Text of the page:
A new poll released Wednesday in the Virginia governor’s race shows that both major-party candidates are so disliked that a third-party candidate, Robert Sarvis, could be key to deciding a close election.
The poll also shows that the race has tightened, with Democrat Terry McAuliffe’s edge over Republican Ken Cuccinelli II shrinking slightly with a little more than a month to go. McAuliffe has a 3 percent lead over Cuccinelli and is receiving support from 44 percent of those surveyed compared with 41 percent for Cuccinelli, according to a new Quinnipiac University poll. That is down from a six-point McAuliffe lead.
Sarvis, who is running as a Libertarian, picked up 7 percent support.
The September survey of 1,005 likely voters found that many Virginians have made up their minds about Cuccinelli and McAuliffe, and they have decided that they do not like what they see. With only 6 percent of the respondents undecided, voters split 38 percent to 38 percent between those who have a favorable view of McAuliffe and those who have an unfavorable view. Cuccinelli’s numbers are worse; only 34 percent find him favorable, while 51 percent do not.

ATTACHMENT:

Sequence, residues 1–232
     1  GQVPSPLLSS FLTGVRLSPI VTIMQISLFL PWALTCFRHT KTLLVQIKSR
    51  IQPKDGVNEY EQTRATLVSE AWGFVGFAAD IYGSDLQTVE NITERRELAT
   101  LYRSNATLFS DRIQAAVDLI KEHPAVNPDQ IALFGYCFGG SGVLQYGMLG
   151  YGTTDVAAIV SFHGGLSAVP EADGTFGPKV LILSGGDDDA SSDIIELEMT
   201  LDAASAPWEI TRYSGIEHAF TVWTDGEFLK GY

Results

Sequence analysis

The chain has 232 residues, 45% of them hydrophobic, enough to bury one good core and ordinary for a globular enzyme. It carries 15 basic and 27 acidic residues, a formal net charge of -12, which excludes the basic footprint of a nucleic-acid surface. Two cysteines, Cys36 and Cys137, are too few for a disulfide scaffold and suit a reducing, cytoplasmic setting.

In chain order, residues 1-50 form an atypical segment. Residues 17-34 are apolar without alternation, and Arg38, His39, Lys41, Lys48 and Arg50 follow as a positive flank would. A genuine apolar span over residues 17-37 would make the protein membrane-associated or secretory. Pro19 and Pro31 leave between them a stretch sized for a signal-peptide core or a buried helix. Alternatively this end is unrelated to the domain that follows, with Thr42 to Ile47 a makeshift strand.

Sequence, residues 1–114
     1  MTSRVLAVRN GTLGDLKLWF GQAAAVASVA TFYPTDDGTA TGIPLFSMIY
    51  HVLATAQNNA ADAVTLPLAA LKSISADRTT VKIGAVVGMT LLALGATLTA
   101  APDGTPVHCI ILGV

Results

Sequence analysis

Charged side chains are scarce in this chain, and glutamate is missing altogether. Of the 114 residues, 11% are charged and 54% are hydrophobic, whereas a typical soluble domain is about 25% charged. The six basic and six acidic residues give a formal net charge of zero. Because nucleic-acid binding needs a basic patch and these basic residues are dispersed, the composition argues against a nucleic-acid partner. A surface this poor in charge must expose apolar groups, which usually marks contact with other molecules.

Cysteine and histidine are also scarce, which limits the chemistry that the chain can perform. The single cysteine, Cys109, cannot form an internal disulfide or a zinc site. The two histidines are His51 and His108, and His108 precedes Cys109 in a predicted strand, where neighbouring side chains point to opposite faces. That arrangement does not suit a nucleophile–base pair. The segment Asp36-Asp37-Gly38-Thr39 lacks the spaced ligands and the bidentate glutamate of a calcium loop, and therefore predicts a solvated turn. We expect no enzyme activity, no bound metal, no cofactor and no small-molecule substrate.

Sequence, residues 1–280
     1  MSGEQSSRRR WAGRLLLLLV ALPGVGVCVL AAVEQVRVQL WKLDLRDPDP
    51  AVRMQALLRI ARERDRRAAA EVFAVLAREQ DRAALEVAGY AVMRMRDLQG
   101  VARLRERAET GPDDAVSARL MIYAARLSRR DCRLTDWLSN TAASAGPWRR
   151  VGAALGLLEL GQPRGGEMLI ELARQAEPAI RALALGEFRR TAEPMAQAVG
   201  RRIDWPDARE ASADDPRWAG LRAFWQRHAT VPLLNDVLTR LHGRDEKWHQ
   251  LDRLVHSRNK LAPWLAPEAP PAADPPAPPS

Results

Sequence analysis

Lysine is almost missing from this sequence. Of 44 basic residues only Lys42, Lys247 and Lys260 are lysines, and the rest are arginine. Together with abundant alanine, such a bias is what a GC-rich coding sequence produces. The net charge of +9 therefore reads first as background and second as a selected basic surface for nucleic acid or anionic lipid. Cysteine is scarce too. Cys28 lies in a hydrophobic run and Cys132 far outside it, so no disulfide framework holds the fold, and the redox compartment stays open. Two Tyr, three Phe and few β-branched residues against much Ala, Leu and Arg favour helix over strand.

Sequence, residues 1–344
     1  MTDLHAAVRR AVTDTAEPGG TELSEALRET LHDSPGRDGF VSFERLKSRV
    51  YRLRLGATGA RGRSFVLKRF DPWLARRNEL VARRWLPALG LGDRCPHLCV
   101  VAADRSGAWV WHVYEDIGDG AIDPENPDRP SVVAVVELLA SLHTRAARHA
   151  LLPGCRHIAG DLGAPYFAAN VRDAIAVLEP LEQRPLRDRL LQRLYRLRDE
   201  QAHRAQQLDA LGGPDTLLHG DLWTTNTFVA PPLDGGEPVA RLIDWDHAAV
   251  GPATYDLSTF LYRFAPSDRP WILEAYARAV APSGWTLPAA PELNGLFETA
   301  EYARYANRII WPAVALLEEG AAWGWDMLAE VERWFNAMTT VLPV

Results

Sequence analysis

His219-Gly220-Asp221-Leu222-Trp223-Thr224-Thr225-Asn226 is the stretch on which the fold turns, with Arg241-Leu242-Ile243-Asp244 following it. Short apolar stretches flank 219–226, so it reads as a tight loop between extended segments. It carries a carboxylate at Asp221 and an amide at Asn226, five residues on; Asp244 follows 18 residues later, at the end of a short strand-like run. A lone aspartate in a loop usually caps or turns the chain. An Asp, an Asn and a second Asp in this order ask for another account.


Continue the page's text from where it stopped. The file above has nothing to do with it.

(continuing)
The poll said 85 percent of respondents have not formed an opinion of Sarvis. Peter A. Brown, assistant director of the Quinnipiac University Polling Institute, said in a statement that it is too soon to say whether Sarvis is drawing more disaffected Democrats or Republicans. Polling experts generally say surveys often overstate support for third-party or independent candidates.
“Terry McAuliffe is less disliked than state Attorney General Ken Cuccinelli. Voters are not wild about either man,” Brown said in a news rel.
The results for the major-party candidates have a margin of sampling error of plus or minus 3.1 percentage points. The poll was based on live interviews with voters on land lines and cellphones from Sept. 9 to 15.